We’ve beaten this issue to death on this blog, but this latest study out of the University of Chicago does a neat job of summarizing the conundrum faced by women who earn more than men. Sure enough, marriages are threatened by a higher-earning wife.
“The evidence suggests that while men tend to applaud their spouses when they help to bring home the bacon, husbands aren’t always as enthusiastic when women start bringing home the filet mignon…While women prefer men to be intelligent and ambitious, men have these preferences for women only to the point where women threaten to earn more than they do.”
It’s not merely that the man is threatened; it’s that the woman looks down on the husband who earns less.
“What happens when a man marries a woman who has the education and skills to earn more than him? The couple can avoid violating the “man earns more” social norm if the woman works part time or leaves the labor force altogether. The authors found evidence of both choices. But what if the woman stays in the labor force and does earn more than her spouse? How does this affect the marriage? The findings here are striking. In such couples, surveys show, both wife and husband generally report being less happy about the marriage…The divorce rate rose by half, to about 18 percent, for couples in which the wife earned more than the husband.”
So what we have here is clear evidence of one thing at this point in time: marriages where the woman earns more are less stable. But that doesn’t begin to answer WHY.
If you’re inclined to side with women on everything, the answer is clear: men are threatened by smart, strong, successful women. Just look at the study! However, if you have the ability to see things from the other side, you’ll get a much more objective picture.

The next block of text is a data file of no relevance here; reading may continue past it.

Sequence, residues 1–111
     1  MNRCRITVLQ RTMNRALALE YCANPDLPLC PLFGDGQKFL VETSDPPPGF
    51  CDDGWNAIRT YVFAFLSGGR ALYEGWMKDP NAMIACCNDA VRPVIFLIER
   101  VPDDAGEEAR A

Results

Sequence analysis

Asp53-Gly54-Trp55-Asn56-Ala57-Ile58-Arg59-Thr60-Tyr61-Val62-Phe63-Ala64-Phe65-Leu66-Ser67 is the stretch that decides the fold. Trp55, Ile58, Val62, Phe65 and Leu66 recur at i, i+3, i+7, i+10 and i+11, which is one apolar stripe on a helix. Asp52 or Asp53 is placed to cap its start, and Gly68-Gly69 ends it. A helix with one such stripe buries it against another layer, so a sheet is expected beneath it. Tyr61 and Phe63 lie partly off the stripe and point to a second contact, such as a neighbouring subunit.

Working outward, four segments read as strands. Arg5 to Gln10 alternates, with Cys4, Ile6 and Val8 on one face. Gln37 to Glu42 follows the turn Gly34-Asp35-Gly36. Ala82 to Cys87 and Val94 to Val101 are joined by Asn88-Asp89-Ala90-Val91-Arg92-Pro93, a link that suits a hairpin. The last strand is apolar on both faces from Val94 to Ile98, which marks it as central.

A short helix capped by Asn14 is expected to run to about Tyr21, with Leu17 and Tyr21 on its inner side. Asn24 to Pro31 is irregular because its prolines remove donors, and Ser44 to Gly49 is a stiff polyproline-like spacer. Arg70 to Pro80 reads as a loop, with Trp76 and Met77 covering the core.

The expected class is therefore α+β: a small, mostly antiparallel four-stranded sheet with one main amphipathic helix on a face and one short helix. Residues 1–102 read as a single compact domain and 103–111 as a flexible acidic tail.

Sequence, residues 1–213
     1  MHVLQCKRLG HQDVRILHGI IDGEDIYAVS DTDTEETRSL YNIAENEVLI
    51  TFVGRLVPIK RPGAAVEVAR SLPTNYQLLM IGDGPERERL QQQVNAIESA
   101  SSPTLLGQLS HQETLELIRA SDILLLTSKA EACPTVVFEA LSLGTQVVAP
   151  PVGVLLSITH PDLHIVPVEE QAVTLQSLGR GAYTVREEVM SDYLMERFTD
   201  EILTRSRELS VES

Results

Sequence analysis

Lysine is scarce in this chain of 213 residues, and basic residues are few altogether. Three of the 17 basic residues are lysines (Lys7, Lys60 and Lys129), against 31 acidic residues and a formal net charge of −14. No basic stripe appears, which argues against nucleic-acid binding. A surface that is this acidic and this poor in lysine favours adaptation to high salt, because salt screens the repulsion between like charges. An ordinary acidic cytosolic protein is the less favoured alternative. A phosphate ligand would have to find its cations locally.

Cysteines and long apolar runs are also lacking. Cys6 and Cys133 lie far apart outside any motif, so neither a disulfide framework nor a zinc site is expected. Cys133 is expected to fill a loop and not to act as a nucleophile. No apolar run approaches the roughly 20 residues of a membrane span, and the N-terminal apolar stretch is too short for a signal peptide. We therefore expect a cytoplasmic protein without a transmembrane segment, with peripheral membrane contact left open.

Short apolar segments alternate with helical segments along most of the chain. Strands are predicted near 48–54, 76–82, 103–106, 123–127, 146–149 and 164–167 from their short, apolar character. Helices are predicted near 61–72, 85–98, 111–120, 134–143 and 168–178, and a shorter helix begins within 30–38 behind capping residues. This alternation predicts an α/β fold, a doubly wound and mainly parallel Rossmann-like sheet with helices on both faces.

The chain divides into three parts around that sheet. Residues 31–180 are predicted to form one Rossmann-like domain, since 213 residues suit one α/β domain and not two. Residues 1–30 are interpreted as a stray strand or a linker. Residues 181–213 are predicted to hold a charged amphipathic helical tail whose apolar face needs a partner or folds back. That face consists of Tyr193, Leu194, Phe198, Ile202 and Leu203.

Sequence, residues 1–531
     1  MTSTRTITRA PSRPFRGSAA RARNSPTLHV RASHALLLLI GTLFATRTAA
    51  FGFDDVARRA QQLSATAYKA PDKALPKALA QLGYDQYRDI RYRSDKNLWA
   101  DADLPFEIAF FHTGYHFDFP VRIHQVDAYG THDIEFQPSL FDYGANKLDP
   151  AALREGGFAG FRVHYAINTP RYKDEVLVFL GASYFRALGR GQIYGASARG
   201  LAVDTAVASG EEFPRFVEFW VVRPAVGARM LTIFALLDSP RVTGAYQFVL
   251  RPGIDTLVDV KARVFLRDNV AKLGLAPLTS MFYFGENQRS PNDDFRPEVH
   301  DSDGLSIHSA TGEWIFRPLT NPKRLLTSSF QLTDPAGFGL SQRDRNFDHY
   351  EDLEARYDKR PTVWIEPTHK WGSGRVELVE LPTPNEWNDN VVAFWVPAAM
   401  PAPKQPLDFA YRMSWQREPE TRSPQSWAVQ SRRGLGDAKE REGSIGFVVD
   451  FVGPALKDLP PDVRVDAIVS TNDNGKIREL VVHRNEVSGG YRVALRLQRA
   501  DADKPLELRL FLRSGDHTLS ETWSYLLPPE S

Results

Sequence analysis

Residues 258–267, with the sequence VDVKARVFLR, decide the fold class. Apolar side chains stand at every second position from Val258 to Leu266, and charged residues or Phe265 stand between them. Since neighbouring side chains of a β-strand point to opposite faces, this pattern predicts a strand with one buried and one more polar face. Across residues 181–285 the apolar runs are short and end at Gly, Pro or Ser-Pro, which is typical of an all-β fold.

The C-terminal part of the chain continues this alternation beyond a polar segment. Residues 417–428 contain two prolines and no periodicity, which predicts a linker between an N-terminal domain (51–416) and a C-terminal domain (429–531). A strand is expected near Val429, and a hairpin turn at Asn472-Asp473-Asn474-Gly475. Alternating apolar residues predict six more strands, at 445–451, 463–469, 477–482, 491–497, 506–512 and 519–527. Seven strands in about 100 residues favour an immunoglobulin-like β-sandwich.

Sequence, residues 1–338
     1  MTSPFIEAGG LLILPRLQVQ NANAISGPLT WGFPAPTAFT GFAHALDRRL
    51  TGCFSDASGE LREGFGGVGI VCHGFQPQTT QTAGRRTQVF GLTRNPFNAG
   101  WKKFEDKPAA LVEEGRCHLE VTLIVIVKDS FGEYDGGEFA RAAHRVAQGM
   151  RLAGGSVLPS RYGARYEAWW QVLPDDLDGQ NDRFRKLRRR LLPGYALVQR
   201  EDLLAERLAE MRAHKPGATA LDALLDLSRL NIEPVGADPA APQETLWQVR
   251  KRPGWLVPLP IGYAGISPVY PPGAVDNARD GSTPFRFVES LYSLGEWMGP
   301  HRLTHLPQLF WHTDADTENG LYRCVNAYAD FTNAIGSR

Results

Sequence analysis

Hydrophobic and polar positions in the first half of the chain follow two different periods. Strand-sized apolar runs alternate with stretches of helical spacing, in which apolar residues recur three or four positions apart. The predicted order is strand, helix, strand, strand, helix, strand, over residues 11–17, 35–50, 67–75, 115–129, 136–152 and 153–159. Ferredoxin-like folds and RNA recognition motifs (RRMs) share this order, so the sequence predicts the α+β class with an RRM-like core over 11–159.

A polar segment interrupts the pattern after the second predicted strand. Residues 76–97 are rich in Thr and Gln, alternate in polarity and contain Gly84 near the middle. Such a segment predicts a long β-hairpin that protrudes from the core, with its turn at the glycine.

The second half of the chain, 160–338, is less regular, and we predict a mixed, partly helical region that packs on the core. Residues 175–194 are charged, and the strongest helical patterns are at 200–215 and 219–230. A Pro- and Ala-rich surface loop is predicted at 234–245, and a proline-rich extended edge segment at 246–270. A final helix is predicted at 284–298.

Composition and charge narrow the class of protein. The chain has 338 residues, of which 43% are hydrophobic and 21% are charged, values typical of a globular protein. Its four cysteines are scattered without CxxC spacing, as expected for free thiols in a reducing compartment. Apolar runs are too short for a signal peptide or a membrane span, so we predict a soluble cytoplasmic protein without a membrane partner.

Are women earning more than their husbands because their husbands are unemployed? Because an unemployed husband is a depressed and emasculated husband and that has to put a strain on a marriage. Then there’s the other explanation for the dissolution of these marriages – it’s not merely that the man is threatened; it’s that the woman looks down on the husband who earns less. It would be hard to be in a marriage where your biggest fan looks down on you, no?
The article acknowledges this as well, saying, “Is there any way to tell whether it’s the wife or the husband who becomes unhappy when the wife earns more? Does he think that she is threatening his manliness, or does she think that he’s a slacker?”
In equilibrium, it’s impossible for you to be happier than your spouse.
That may be impossible to answer, but, it doesn’t really matter. In equilibrium, it’s impossible for you to be happier than your spouse.
If you and your spouse both understand that rule, you’re both likely to be happier – regardless of how much money either of you make.
What I coach women is to a) avoid men who are threatened by your success and b) not look down on men who make less than you or worry about dating a guy who makes as much as you. Because if two people make $300K combined, it doesn’t matter if you make $200K and he makes $100K. Really.
Read the article here and share your comments below.